Sudden infant death syndrome

Usually the baby is found dead, after he has been put to bed, and shows no signs of suffered.
SIDS is a diagnosis of exclusion. It should be applied only to a child whose death is sudden and unexpected and remains an adequate post mortem examination including unexplained after the performance
an autopsy;
Investigation of the scene and circumstances of the death;
Exploration of the medical history of the child and the family.
SIDS was responsible for 0,543 deaths per 1,000 live births in the United States in 2005. It is responsible for far fewer deaths than congenital disorders and disorders relating to short pregnancy, although it is the most common cause of death among healthy babies after one month old.
2,247 In 2004 decreased from 4.895 in 1992, SIDS deaths in the United States. But in a similar time period 1989-2004, SIDS listed as the cause of death for sudden infant death (SID) from 80% to 55% decreased. According to Dr. John Kattwinkel, Chairman of the Center for disease control (CDC) special task force on SIDS “many of us are concerned that the rate (of SIDS) is significantly lowered not, but a large part of it just code shifting.”
Australia and New Zealand are moving on the concept of sudden unexplained deaths in infancy (SUDI) for professional, scientific and coronial clarity.
The term SUDI now often used instead of sudden infant death syndrome (SIDS) as some investigating judges prefer the term Ndetermined for a death before SIDS applies. Diagnostic move cause this change in the mortality data.
SIDS back to sleep campaign: history and theory
1985 Reported Davies, that in Hong Kong, where Chinese custom supine infant sleep position (open), was asked SIDS a rare problem. In 1987, the Netherlands began a campaign, the advice of parents, their newborn children sleep on their backs (supine) rather than to place your stomach (prone position). Infant supine sleep position in 1992 campaigns in the UK, New Zealand and Australia 1991, United States and Sweden and Canada 1993 followed.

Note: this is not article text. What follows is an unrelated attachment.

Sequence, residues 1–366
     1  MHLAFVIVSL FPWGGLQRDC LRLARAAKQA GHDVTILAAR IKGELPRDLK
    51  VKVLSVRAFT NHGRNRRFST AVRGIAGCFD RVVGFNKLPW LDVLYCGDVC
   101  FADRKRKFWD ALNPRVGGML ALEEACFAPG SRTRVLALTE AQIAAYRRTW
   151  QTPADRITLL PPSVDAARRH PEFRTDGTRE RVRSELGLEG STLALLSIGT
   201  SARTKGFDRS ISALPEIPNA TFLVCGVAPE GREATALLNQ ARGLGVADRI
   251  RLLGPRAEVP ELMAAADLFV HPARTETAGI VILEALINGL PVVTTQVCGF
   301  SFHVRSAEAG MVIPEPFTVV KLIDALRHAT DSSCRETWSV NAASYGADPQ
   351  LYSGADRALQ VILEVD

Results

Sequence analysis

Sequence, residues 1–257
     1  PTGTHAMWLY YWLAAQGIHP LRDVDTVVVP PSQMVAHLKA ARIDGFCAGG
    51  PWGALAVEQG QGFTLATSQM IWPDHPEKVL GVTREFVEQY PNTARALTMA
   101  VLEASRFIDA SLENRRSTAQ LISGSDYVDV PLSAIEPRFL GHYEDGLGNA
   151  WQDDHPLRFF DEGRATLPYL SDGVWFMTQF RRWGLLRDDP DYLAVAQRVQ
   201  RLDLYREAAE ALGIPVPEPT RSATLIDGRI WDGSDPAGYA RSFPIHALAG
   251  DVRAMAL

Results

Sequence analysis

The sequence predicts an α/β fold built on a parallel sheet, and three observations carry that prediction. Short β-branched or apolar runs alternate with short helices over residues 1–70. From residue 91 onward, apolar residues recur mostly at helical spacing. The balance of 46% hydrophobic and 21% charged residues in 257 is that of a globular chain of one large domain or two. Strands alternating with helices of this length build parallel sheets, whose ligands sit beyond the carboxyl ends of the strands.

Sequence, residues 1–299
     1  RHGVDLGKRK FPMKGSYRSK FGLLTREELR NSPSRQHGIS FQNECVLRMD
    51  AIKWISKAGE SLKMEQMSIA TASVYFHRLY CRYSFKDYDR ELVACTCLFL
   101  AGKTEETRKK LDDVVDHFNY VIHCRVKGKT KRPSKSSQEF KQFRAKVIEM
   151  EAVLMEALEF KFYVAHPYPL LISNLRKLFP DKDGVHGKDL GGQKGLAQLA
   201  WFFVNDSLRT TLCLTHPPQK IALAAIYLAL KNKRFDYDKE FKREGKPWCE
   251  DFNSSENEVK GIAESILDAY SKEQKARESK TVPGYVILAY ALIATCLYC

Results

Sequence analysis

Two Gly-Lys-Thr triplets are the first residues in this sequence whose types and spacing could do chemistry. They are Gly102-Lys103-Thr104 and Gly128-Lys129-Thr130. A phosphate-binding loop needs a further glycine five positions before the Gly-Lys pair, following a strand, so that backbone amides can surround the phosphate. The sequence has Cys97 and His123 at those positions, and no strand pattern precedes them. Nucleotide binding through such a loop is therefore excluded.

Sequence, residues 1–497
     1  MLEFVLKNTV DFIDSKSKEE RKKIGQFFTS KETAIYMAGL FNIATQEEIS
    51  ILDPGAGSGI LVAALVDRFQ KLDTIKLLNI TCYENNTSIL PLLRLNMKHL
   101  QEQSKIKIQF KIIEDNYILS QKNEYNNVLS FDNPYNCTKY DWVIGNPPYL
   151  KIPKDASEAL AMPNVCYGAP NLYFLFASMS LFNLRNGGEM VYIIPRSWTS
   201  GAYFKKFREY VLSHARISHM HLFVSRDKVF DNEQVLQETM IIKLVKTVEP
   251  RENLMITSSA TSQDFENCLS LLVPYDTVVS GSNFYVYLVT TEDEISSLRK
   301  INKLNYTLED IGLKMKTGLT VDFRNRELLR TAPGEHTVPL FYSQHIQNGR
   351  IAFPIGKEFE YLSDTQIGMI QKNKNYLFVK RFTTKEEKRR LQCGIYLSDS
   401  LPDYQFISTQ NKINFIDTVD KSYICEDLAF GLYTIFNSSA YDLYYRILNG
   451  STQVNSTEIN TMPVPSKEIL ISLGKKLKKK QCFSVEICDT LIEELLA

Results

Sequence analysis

This opinion was based on the epidemiology of SIDS and physiological evidence that shows that children who sleep on their backs have lower arousal thresholds and less slow-wave sleep (SWS) compared to infants, sleeping on the belly. In human infants sleep develops faster during the early stages of development. This development includes an increase in the non-REM sleep (NREM sleep) also quiet sleep (QS) in the first 12 months of life in conjunction with a decrease in REM sleep (REM sleep) named, also known as active sleep (AS). Sleep (SWS) is also slow wave stage 3 and stage NREM appears sleeping 2 months old and it is the theory that some babies have a brainstem deficiency the risk increases by unable to wake from SWS (also called deep sleep) and therefore have an increased risk of SIDS due to their reduced ability of SWS to wake up.
Studies have shown that premature babies, final infants and older children have larger periods of time-quiet sleep and time when she are awake decreased, sleep on the belly. Human infants and rats arousal thresholds have been proven at higher levels in the electroencephalography (EEG) during slow-wave sleep to be.
1992 Was a SIDS risk reduction strategy reduction of arousal thresholds during SWS on the basis of the American Academy of Pediatrics (AAP) recommend that healthy infants be placed to sleep on their backs (supine) or side (lateral position), instead of the stomach (prone position), began at the down to the go to sleep. 1994 A number of organizations in the United States combined to communicate this not prone sleep position recommendations further and it became officially known as the ACK, sleep campaign. In 1996 expanded the AAP your sleep position recommendation by stating that only infants sleep should be placed in the supine position and not in the prone or lateral positions.
In 1992, which became first national infant to determine the usual position in the United States mothers their babies sleep position (NISPS) household survey conducted, brought sleep: lateral (side), other or no usual position tend (stomach), supine (back). According to survey NISPS 1992 were 13.0% of US children in the supine position to the sleeping position. According to the 2006 NISPS were survey 75.7% of infants in the supine sleep position.
Since 1998, several are published